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Homework Help: Chain sliding off the edge of a table

  1. Oct 21, 2004 #1
    A uniform chain of length 8.00m initially lies stretched out on a horizontal table.

    If the coefficient of static friction between the chain and the table is 0.600, show that the chain will begin to slide off the table if at least 3.00m of it hangs over the edge of the table.

    Determine the speed of the chain as all of it leaves the table, given that the coefficient of the kinetic friction between the chain and the table is 0.400.

    I do not have a clue on how to draw up an FBD and start working on the problem. I kind of think it has to do with partial derivatives since the length of the chain, its mass hanging off the edge and its speed and acceleration varies with time.

    Can someone please, help me out to get started by giving a direction or a generic setup which I can start to work with.

    Thank you in advance!
  2. jcsd
  3. Oct 21, 2004 #2

    Doc Al

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    Staff: Mentor

    Treat the chain as having two segments: one piece on top of the table, the other hanging. What are the forces on each?
  4. Oct 21, 2004 #3
    The first one is just setting the friction force equal to the force of gravity. The second one is trickier, however. We know that [tex]F_f = \mu mg[/tex] and that [tex]F_g=mg[/tex] but the m's are changing over time. Let [tex]m=m_f+m_g[/tex] to denote the portion of the mass being affected by friction and gravity, respectively. The net force acting on the chain is then [tex]F_g-F_f = m_g g - \mu m_f g = m a[/tex]. I may have stopped my explanation too early so tell me if you need me to extend it a little further. Perhaps someone knows a less complicated way as well.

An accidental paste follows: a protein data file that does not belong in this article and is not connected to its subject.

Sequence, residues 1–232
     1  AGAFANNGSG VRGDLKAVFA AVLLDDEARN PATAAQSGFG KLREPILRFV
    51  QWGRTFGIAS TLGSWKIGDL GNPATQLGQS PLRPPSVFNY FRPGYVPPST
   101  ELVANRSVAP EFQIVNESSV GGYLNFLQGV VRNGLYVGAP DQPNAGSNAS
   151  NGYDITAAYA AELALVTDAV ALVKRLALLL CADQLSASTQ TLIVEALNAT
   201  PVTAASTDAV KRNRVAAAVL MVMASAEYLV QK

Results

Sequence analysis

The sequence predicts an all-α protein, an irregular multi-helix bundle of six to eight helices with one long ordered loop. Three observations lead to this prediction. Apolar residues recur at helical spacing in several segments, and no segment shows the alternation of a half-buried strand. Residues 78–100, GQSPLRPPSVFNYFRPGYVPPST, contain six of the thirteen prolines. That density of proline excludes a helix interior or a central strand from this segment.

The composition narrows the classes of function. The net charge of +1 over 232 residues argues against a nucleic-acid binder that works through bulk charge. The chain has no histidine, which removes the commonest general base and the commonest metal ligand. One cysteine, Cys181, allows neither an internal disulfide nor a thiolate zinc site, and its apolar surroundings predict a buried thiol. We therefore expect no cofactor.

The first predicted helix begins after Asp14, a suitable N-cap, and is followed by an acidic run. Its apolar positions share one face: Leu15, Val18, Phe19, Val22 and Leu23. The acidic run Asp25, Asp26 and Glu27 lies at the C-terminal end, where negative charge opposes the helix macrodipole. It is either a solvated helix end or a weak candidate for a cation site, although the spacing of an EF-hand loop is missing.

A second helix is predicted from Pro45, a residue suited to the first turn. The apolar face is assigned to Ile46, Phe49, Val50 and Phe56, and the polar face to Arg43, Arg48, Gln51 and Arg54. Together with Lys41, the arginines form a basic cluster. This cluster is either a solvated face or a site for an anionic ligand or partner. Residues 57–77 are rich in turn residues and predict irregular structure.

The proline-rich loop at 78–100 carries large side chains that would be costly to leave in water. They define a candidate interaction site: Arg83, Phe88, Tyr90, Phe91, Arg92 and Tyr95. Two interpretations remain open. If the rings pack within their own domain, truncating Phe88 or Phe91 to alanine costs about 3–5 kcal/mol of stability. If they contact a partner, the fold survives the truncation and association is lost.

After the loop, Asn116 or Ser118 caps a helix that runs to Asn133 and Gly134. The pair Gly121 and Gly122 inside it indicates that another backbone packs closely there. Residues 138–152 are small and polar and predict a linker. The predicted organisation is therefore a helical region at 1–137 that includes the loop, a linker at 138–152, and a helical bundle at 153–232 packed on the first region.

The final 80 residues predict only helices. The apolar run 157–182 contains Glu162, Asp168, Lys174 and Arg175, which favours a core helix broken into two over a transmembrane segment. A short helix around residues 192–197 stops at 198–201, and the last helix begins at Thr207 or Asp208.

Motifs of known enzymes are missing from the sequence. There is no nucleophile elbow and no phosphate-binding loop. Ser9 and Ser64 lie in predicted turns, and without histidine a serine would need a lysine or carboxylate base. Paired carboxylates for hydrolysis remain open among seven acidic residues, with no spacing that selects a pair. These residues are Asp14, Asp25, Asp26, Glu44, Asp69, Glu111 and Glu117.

5. Oct 21, 2004 #4
    Does either have any tension forces acting on it?

    If not the 5m segment has a negative F(friction) and it equals to the gravity acting on the 3m segment.

    Is this correct?


    0=F(friction)-F(gravity) (equlibrium, chain does not slide if ratio is 5/3)

    Also, how do I account for the lenght of the chain segments in the force equation since I do not have the density to calculate the mass? Do I just use ratios?

    Thank you
  6. Oct 21, 2004 #5
    Thank you for your reply. Yes, that would be great if you could expend on it a bit.

  7. Oct 21, 2004 #6

    Doc Al

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    They better--or else how can the weight of the hanging piece affect the piece on the table? In equilibrium, the tension at the top of the hanging piece will equal its weight. And that tension exerts a force on the tabled piece tending to pull it towards the edge.

    Essentially correct, but how would you get the answer if it wasn't given? (See below.)

    The way I'd do it is to call the hanging length "x". Its mass is then (M/L)x, where M is the mass of the chain and L the length of the chain. You'll find that M drops out.

    To solve the first part, write the mass of the tabled piece and hanging piece using the above trick. Then set up your equilibrium equation and solve for x.
  8. Oct 21, 2004 #7
    Here is how I solved the first part:


    Where x is the length of the chain

    So m1=5ro, m2=3ro


    Since the g*ro will drop off we are left with 3-(5*0.6)=0 and that is true!!

    Now onto the second part....

    Can you please start me out on how to get the V out of the above equations? Do I work backwards from F=ma, then solve for a, substitute dv/dt and do a partial derivative??

    Thank you
  9. Oct 21, 2004 #8

    Doc Al

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    Sounds like a lot of work to me! :smile: To find the speed of the chain, I would use energy methods. An interesting problem!
  10. Oct 21, 2004 #9
    Can you please get me started on the energy method? I understand that the chain as it slides down has both kinetic and potential energy. Do I start with the chain hanging as initial condition and just as it passed the edge of the table as the final condition and use Ui+Ki+W=Uf+Kf? How would I account for the Friction Force? Static or Kinetic?
  11. Oct 21, 2004 #10

    Doc Al

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    Yes, I would start at the point it begins to fall. As you know, it has an initial potential energy, and ends up with some kinetic energy. Along the way it transforms some of its mechanical energy to friction. The challenge is to figure out the work done against friction. (And you must use kinetic friction--otherwise no displacement and no work! :smile: ) Hint: the chain is stretched out for a reason.
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